The prayers of Cardinal Newman, the intellectual giant of the 19th Century, who paid a heavy price to become the first modern convert from Catnerbury to Rome; the prayers of Cardinal Newman, whose spiritual legacy stretches from G. K. Chesterton to the lay apostolates of the internet age; the prayers of Cardinal Newman, whom Pope Benedict XVI will beatify in England next spring; the prayers of Cardinal Newman have been a factor here, as have those of Blessed Dominic Barberi, who prayed throughout his life, and still prays in Heaven, for the conversion of England and her people, whose true Faith was stolen from them nearly 500 years ago.

  • Stan Gwizdak

    I has been some time since I read something positive in the news. I rejoice and praise God. I know it will be resented by some for a variety of reasons. It is good to know that traditional and orthodox (meaning not the Orthodox Church but unorthodox in doctrine) believers have a place to go home after watching their communion devolve into disaster which is what happens when you compromise with the world and this current age rather than follow Tradition and Holy Scripture.

    As one Englishman said in the UK Telegraph, this was a “bold and generous move by Pope Benedict.”

  • Joe H

    He knows there are plenty of them in the Catholic Church, and to them Benedict is quietly saying, “There’s the door.”

    I hope it doesn’t hit them in the you-know-what on their way out…

  • pete

    I once saw a prophecy about England, which stated that the English were lost to the Church through Elizabeth and will be reunited to the Church through a second Elizabeth.

    Also, the English will be brought back into the Church through the Blessed Mother when they at last appeal to her for help.

  • Robertz

    I think the one thing keeping the Orthodox schism from ending is pride, more so from the Orthodox side than ours from what I can see. This seems to be very pervasive in their clergy, with some exceptions as seen from the good Archbishop in the linked article: http://tinyurl.com/yjl3pns

  • Douglas Coombs

    I don’t think Benedict is showing liberals the door. Rather, he is once again reaffirming what the Catholic Church teaches and hoping for conversion. It would be wonderful if some of these new Anglican Use parishes could reevangelize many of our liberal Roman rite brethren, who may be attracted to them due to their acceptance of married priests.

    Doug

  • Donna

    I love Venerable Newman, I pray for his canonization every day, and my work is actually focused on him. However, he was not the first Anglican clergyman in the 1800’s to come home to Rome…
    http://en.wikipedia.org/wiki/Ignatius_Spencer

    There may have been others I don’t know about.

  • R.C.

    I’m all for that, naturally.

    But I don’t see how anything in this announcement constitutes “showing [presumably Catholic] liberals the door.”

    Did I miss something?

    In what way does allowing Anglicans a comfortable way to embrace their Anglican liturgical and pastoral heritage as non-dissenters within the Catholic Church, constitute a rebuke or even a nudge toward dissenters in the Church who aren’t connected with that heritage?

    Sorry. I thought I’d read the piece carefully; but that observation seemed to come out of the blue.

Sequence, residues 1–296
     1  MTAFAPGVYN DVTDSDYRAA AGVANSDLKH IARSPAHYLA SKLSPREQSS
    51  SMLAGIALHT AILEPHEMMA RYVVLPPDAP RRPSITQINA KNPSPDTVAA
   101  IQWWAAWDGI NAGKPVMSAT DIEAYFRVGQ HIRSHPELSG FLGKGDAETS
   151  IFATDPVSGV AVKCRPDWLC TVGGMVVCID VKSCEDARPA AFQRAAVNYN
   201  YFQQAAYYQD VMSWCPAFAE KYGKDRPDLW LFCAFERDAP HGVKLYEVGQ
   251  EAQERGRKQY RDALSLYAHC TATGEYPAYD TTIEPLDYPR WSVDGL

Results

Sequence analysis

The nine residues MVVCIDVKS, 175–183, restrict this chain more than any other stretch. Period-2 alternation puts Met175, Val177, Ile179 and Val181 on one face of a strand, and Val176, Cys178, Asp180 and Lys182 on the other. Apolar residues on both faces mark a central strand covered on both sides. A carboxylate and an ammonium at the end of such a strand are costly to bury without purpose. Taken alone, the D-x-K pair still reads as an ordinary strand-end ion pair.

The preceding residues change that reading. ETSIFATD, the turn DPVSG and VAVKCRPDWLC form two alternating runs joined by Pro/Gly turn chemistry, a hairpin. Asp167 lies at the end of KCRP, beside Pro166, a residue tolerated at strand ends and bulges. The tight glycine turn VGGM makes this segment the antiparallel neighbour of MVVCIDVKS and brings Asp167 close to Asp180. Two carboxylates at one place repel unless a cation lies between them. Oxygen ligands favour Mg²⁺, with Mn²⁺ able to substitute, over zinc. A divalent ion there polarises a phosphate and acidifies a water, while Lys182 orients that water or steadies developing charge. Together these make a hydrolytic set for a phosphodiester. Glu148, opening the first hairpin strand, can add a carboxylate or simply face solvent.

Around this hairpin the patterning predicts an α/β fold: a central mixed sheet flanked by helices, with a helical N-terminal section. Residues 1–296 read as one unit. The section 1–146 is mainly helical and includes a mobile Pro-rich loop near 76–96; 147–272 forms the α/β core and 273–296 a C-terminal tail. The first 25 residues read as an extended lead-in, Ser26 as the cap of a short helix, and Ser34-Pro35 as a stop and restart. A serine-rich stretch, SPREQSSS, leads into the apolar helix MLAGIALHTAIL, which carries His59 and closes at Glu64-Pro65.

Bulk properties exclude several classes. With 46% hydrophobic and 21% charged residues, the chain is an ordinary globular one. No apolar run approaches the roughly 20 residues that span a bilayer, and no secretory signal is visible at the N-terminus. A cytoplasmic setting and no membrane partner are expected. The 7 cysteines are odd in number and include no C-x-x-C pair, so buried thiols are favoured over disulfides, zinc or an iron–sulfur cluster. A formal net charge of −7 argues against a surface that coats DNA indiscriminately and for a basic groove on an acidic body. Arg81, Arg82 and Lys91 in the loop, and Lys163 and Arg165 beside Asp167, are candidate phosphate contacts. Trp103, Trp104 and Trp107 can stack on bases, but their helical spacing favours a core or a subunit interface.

• Elizabeth

    I grew up in England during the ’40’s and ’50’s and after every Mass we said a prayer “for our separated bretheren, that they may united with us in the one true fold” I think that this new development is an answer to those prayers. As far as I know that prayer was said in every Church after Mass on Sundays. I can’t remember if it was said after the weekday Masses, but it’s quite possible.

  • Pauli

    If the Anglican hierarchy doesn’t want to let the new Roman Catholic Anglicans take their property with them, I’ll bet a lot of inner cities have closed Catholic churches which can be given to them. Cleveland certainly does, Pittsburgh as well. It would probably be a matter of just moving down the street in many cases.

  • Bernadette

    I belonged to one of the first parishes who approached Rome and our priests were the ones who in my opinion made it possible for the Pastoral Provision and the first Anglican Use parishes.

    In the end the Cardinal denied our parishes to be part of the Anglican Use. If is funny how God worked and the door was closed to us.

    Our parish split three ways, some stayed as they loved the building and became Continuing Anglicans, our building was not owned by the diocese, but they sued us and lost. One group went Orthodox and the rest of us became Catholic. All of our priests became Catholic.

    From our experience I don’t know that any of the churches will be handed over and I don’t think that Rome would want a fight over property.

    I have read many negative responses, that Rome is stealing sheep, that these Anglicans are going to very unhappy submitting to the Pope etc. That they will be Papists, this from Anglicans. There might be some in TAC who aren’t really for this, but they can stay in the Continuing Anglican movement if they want.

    No one is forcing Anglicans to become Catholic, the Holy Father doesn’t need to be recruiting more into the flock as there are millions of Catholics. I feel sad that there is all this anger being shown from other Christians. We all must choose where we feel that God wants us to be and not judge others for their choices.

  • The Rev’d John Adams von dem Be

    “…and they shall hear My Voice, and there shall be one flock and one shepherd.”[smiley=cool]

MENU